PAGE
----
TOP STORY >> Snow shifts, slams area
By RICK KRON
Leader staff writer
It’s been 22 years since central Arkansas has seen this much snow. Depending upon who’s doing the measuring, totals run from 5 to 8 inches of snow.
The area got 10.4 inches of snow back in early January 1988.
Another storm system moving through the area late Thursday and early Friday could add another inch or two to the monthly snow totals.
The snowfall canceled most area schools Monday and Tuesday, closed city governments and caused many businesses to close early on Monday.
John Lewis, senior forecaster for the National Weather Service, admits the intensity of the storm was a bit unexpected. “We thought the snow line would be more north of us, a line from Fort Smith to Clinton to Batesville, but the line dropped down and basically followed the I-40 corridor,” he said.
The snow also started earlier, was heavier than expected and the warming took longer to occur.
“We predicted snow, then a mix, then rain before turning back into snow. That’s pretty much what happened, but the initial surge of snow was heavier than we thought it would be and the warming trend took longer, meaning it snowed longer,” Lewis explained.
So much snow fell that the weight of it collapsed part of the over hang at the Citgo on Warden Road off Hwy. 67/167 and caused the destruction of the Smokey’s Pub sign and canopy about a mile further south down the road.
In Cabot, police kept watch Monday night at Whit Davis Lumber Plus after part of the roof collapsed from heavy snow build-up.
There were no injuries.
Jim Oakley, public works director for Jacksonville, said Tuesday that most of the city’s major roadways were clear and the crews were working on the smaller streets.
“We’ve got 14 people in the street department and split them into two crews. One crew has been working from 4 a.m. to 2 p.m. and the other from 2 p.m. until midnight. Both crews have been plowing and dropping sand and salt.”
Oakley estimates that the department has gone through about 50 tons of sand and five tons of salt. “We run a mixture of one-quarter salt and three-quarters sand and also drop just straight sand,” Oakley said.
He added that the storm work would cost the city about an extra $5,000. “Because the storm happened during the week, it limited the amount of overtime we needed,” he said.
Oakley added that city crews would be back out Tuesday night and into this morning.
Sherwood police Lt. Cheryl Williams said the city has only had about a dozen storm-related accidents and that they were all minor. She attributed the low number to people heeding warnings to stay at home and to the good job the street department did.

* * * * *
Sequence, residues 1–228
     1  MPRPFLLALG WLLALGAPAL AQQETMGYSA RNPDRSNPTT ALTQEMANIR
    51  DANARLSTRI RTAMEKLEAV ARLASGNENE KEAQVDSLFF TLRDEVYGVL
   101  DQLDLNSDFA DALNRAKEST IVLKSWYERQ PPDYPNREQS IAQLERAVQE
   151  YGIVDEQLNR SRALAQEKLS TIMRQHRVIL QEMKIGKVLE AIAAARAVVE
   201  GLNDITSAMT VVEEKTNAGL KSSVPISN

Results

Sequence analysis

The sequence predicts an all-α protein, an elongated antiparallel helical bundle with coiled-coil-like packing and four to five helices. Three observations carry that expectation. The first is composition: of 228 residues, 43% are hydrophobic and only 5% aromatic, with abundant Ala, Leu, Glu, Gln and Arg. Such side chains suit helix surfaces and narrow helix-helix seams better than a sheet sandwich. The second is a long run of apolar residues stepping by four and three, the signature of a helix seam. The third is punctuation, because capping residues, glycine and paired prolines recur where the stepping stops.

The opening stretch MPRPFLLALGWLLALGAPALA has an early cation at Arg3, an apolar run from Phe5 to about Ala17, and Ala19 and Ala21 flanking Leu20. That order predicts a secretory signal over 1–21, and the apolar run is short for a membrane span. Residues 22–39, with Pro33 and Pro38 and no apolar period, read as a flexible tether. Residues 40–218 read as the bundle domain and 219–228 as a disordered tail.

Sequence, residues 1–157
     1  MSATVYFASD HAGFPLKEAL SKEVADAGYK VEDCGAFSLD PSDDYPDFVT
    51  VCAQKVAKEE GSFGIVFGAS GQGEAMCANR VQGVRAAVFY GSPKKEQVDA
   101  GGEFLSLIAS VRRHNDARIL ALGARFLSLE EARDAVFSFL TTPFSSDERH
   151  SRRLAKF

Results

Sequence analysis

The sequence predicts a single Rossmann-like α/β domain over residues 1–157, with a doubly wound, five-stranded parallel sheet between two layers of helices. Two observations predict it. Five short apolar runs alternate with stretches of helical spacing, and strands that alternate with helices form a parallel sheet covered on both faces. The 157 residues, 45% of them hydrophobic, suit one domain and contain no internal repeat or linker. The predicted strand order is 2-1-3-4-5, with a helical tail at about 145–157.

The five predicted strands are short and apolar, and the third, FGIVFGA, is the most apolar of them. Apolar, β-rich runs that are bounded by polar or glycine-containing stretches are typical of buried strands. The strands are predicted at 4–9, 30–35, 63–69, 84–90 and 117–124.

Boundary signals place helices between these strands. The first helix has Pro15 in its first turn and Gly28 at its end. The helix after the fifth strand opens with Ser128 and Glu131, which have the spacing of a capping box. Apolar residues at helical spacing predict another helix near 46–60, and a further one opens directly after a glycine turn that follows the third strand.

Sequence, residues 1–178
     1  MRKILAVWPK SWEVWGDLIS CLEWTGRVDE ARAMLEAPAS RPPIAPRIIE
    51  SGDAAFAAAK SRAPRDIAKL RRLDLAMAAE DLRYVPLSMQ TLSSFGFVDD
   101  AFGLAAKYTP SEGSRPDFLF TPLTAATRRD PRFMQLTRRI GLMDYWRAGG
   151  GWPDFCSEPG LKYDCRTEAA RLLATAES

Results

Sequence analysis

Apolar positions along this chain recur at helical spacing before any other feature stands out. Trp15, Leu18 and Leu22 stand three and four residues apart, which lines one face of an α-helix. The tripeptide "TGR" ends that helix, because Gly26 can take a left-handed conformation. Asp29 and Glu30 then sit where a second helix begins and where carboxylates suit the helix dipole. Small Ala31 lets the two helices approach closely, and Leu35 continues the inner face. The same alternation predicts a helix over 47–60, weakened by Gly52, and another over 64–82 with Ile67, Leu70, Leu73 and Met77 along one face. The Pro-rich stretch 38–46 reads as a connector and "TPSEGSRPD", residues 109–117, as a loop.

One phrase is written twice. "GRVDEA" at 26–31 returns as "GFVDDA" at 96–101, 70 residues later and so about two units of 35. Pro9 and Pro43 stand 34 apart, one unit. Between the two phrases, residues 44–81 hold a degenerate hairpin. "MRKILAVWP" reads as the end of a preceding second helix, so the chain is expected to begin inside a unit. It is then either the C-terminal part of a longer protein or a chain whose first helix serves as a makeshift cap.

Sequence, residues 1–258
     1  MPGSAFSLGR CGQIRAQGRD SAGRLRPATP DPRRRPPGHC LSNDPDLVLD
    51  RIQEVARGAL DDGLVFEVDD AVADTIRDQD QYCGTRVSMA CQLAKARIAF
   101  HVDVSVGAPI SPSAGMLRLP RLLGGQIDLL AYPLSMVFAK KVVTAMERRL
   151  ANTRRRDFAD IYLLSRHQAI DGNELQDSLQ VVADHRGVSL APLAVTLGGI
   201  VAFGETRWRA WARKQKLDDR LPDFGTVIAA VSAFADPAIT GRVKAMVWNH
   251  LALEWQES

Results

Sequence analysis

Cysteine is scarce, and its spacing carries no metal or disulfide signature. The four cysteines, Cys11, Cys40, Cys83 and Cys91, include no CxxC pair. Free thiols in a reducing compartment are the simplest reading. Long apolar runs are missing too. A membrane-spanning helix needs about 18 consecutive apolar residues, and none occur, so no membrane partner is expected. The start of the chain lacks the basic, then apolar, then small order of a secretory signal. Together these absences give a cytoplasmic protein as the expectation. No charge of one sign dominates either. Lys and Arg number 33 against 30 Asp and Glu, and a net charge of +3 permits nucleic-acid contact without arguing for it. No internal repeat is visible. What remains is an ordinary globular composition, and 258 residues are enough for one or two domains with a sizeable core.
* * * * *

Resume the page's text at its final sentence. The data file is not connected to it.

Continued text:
In Ward, a couple of vehicles slid off the road, but no major accidents were reported there. The city spread a combination of sand and salt at intersections and scraped ice off roads with a backhoe.
In Beebe, no accidents with injuries were reported, only vehicles in ditches. The city has no equipment for spreading sand, which has made traveling city streets rough going.
Cabot reported no major accidents through Tuesday afternoon. Its street department spent Monday and Tuesday spreading sand on railroad crossings and overpasses using a truck bought last year.
“We’ve had a hard time because we’d sand and it would snow on top of it,” said Public Works Director Jerrel Maxwell. “I told the mayor if this global warming keeps up, we’re going to have to buy another truck.”
By 3 p.m. Monday, police in Beebe had measured snowfall totals at 7.5 to 8 inches. By mid-afternoon, downtown Little Rock had five inches; Austin reported 5.5 inches and Sherwood had five inches.
The Little Rock Air Force Base weather squadron recorded four inches of snowfall and the National Weather Service puts the total area snowfall at 7.2 inches.
This snow follows at the heals of a winter storm the end of January that also closed schools and businesses and snarled up traffic. That storm brought in almost two inches of snow and made January the snowiest since 2000.
January was also the coldest in seven years, even though no low-temperature records were broken. The air base recorded the lowest January temperature in the area on Jan. 10, a temperature of nine degrees, the first single digit low temperature in the area since 2001.
Lonoke County Sheriff Jim Roberson estimated that state and local lawmen worked about 60 weather-related accidents in the county this week, most of them on state highways.
“We’re running pretty strong,” he said of his deputies. “We didn’t get a little bit of a break. All the wreckers were pretty busy.”
Roberson said the weather stopped most county residents in their tracks.
“I haven’t been out in the weather,” said County Judge Charlie Troutman, who is by definition the head of the county road department.
“No one with the county worked yesterday or today,” Troutman said Tuesday. That included both the county courthouse and the road department.
“We had so much damage from flooding (in January). This won’t help us any,” Troutman said. “It’ll be a while putting it all back together and fixing everything.”
“Most people just pulled a blanket over their head and stayed in. I don’t know if schools will operate tomorrow or not, what with the buses and the back roads.”
“At least we have money to fix them with,” Troutman said.
The snow means a break for county farmers, according to Jeff Welch, head of the Lonoke County Extension Service.
“They can’t do anything with the snow on the ground. Back when boll weevils were a problem, this would help us. Now they are waiting to fertilize what wheat we have in the ground.”
Welch said the snow was not a problem, but a similar snow in three weeks would be a bad time.
“We really need to get after this wheat,” he said.
(Leader writers Joan McCoy and John Hofheimer also contributed to this article.)